It may be possible to apply such a tax that will not irritate other trade partners by identifying a higher taxation threshold. The tax could also support revenue collection, as well as the local car industry, which has long been a personal favourite of Malaysia’s Prime Minister.

Another possibility is isolating European products that are applied at lower than agreed WTO tariff rates (known as ‘applied rates’) and raising them where possible to ‘bound rates’.  This is a perfectly legal action and used by countries such as India quite often.

The products chosen would either have to come almost exclusively from Europe, and there would have to be a country from which an alternative supply is available that has a preferential trade agreement with Indonesia or Malaysia. In the case of Malaysia, most of its whey powder comes from Europe. Malaysia could consider sourcing from Australia or New Zealand – both have additional bilateral or multilateral arrangements with Malaysia.

Other products, such as whiskies and brandies from the United Kingdom and France are an obvious target for either changes in tariffs or limiting of quotas.

In both cases, consultation with local industry would be required.

WTO Action

WTO action will not take place straight away. The law has to be adopted in its final form before in can be objected to in the multilateral forum.

However, it is not surprising that Indonesia is taking the lead. Indonesia recently emerged victorious from a protracted antidumping battle with the European Union.

The EU was applying illegal antidumping tariffs on Indonesian (and Argentinean) biodiesel exports.

The exporters carried the day, but the mechanics of the case are instructive.

The case commenced in 2013, but took almost five years to resolve. Once it was completed, the EU launched a countervailing duties investigation against Indonesian palm oil.

At roughly the same time, Argentina lodged a complaint against the first version of RED in 2013, which resulted in Argentinean soy-based biodiesel being excluded from the RED. At that time, the issue was the ‘default values’ ascribed to different biodiesel feedstocks.

The complaint gives an indication of the complexity of the case; it’s not just a matter of the Directive or the Act, but also any implementing regulation.

As with the dumping action – or any other WTO settlement – the process could take years to resolve.

It’s worth noting that when it comes to blocking palm oil, the EU never gives up. Although it’s the revised RED now, in a few years it will be another measure. WTO action is just another bout.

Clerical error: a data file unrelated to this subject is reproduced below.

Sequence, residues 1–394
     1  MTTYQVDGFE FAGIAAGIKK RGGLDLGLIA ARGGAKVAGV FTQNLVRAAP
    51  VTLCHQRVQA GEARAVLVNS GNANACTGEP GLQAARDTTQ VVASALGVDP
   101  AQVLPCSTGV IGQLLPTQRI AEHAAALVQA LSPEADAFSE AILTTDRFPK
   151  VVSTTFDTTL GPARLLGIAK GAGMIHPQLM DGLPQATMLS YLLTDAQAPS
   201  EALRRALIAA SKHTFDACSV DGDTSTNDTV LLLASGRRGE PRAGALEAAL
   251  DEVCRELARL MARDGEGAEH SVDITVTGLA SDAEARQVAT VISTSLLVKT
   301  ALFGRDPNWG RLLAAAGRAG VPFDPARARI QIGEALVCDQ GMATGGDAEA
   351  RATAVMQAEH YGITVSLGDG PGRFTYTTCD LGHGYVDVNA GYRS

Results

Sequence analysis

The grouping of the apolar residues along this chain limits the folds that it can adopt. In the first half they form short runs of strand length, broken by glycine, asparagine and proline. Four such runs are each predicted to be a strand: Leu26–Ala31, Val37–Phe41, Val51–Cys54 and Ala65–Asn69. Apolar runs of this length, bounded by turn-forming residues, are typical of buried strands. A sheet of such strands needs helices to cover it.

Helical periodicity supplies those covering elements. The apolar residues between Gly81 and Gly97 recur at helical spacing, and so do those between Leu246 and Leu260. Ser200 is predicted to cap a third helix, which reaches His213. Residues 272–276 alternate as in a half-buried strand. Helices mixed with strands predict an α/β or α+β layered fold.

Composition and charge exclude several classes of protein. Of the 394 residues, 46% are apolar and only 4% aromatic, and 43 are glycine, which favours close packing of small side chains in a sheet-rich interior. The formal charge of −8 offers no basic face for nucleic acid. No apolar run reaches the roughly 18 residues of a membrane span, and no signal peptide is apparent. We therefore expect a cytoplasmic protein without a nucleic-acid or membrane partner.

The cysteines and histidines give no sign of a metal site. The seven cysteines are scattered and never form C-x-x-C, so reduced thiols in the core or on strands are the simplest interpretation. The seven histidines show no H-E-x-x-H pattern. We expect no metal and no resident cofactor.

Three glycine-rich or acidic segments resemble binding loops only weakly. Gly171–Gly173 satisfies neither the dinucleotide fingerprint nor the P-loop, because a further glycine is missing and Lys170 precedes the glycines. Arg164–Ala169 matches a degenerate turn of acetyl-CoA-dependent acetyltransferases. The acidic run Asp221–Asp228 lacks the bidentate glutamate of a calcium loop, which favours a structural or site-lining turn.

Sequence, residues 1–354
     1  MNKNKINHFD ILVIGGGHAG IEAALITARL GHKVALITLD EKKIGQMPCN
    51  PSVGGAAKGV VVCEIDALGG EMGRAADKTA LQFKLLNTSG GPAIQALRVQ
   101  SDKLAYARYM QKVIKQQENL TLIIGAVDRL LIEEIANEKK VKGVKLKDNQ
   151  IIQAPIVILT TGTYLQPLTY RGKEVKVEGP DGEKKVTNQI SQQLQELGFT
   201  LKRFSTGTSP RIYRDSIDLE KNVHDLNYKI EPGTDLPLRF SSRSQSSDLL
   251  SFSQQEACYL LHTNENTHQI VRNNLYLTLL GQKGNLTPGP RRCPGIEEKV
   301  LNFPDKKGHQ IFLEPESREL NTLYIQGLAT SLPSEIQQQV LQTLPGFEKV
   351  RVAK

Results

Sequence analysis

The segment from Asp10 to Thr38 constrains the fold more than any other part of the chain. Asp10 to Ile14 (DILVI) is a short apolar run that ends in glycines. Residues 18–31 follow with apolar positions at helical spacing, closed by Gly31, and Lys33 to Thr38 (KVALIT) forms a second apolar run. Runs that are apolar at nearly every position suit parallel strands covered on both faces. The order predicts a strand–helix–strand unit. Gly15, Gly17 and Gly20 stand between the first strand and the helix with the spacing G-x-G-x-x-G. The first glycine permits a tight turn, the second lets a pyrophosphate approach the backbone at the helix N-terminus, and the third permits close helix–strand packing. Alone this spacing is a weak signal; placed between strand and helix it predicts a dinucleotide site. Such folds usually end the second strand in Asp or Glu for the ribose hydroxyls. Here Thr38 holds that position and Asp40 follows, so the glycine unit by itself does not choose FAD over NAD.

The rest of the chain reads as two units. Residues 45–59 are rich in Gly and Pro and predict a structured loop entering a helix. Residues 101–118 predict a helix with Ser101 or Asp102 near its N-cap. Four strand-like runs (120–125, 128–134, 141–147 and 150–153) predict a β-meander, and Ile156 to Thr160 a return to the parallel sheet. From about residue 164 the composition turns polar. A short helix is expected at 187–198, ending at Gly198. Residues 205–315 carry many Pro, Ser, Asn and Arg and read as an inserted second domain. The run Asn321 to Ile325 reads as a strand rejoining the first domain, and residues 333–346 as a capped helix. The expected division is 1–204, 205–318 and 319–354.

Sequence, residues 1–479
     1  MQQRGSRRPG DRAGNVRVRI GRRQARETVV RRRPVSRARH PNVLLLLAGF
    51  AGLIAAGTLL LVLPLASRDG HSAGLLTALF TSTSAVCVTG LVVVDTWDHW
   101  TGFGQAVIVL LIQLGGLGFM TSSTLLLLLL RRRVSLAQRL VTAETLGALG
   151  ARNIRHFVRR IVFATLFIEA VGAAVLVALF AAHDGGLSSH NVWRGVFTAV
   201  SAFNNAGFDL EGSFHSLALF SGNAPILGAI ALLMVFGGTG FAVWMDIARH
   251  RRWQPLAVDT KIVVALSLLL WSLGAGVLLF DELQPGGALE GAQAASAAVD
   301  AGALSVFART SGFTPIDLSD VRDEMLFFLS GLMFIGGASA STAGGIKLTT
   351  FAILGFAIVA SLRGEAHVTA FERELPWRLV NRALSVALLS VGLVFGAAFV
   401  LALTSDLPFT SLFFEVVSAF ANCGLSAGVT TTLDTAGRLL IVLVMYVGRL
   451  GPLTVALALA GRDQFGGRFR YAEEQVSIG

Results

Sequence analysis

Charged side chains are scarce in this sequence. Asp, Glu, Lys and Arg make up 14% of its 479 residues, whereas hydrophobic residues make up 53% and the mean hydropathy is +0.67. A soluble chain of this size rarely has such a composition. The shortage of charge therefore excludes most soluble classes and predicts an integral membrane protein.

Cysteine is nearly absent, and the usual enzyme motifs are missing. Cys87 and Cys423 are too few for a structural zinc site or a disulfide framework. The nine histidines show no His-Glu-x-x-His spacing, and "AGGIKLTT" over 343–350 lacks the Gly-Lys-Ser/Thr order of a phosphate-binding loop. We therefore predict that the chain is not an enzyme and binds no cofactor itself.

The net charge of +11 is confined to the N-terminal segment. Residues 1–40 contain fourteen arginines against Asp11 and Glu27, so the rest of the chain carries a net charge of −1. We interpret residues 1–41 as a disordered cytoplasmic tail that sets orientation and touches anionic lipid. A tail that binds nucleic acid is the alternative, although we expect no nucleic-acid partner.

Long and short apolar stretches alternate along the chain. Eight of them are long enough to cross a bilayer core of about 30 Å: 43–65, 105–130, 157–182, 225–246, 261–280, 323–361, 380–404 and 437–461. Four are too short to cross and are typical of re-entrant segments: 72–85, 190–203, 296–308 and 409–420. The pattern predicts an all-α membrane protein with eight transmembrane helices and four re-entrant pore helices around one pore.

A longer view: ASEAN realignment

Could the procurement of military hardware from Russia signal a pivot away from Europe by ASEAN, particularly Malaysia and Indonesia? This is entirely plausible.

EU officials are acutely aware that they were caught off guard by China’s rise. This has had considerable economic and security impacts; China now outweighs the EU’s economic and military influence globally.

EU officials should not make same mistake in ASEAN – but this appears to be happening.

The EU’s population is flat at just over 500 million people. ASEAN’s is already in excess of 600 million and will hit 700 million in around five years. Indonesia’s GDP already matches that of Germany by one measure.

The EU needs to wake up to this significant demographic and economic change if it is to participate in the region’s growth and avoid repeating its China mistake.  And that participation should be of mutual benefit.

Indonesia is open to China’s One Belt infrastructure projects. Japanese development loans funded Jakarta’s new MRT system. EU aid contributes to education and health programs, but the EU’s highest-profile aid contributions have been for stopping deforestation – which are read by many as a way of curbing palm exports.

On palm oil, last month, China agreed it would increase its palm oil purchases from Malaysia by 50 per cent.  Russia is now also signalling that it will increase purchases of palm oil. This was at almost exactly the same time that the EU singled out and banned palm oil — ASEAN’s largest agricultural export — under the RED. Indonesian palm biofuel exports have been hit by wave after wave of EU measures.

It is perfectly reasonable for Malaysia and Indonesia to ask why they should display any ‘loyalty’ to Brussels at all when it comes to military hardware — or anything else. The region’s trade agreements — RCEP and CPTPP — are progressing or completed. At this point in history, Tokyo, Beijing and perhaps even Moscow seem like more reliable trade partners. This should induce significant reflection in Brussels – because a core element to this is European leaders not understanding what is actually important to their ASEAN partners, both economically and politically. It appears that both Russia and China have figured out what the EU could not: that palm exports are fundamental. They are now looking to press home their advantage, and encourage a wider re-alignment in southeast Asia, away from the historic ties with Europe.

Iceland tries to ‘dig upwards’ on sustainability

Iceland CEO Richard Walker has made the news again for his statements on sustainability and palm oil.

Walker came under fire for instituting a boycott of palm oil in his company’s supply chain, and launching a widely viewed joint PR campaign with Greenpeace.

Walker stated that the move “did nothing for sales”, and that “If I were the boss of Tesco, I’d be sacked because I’m loading up millions of pounds of cost into our business.”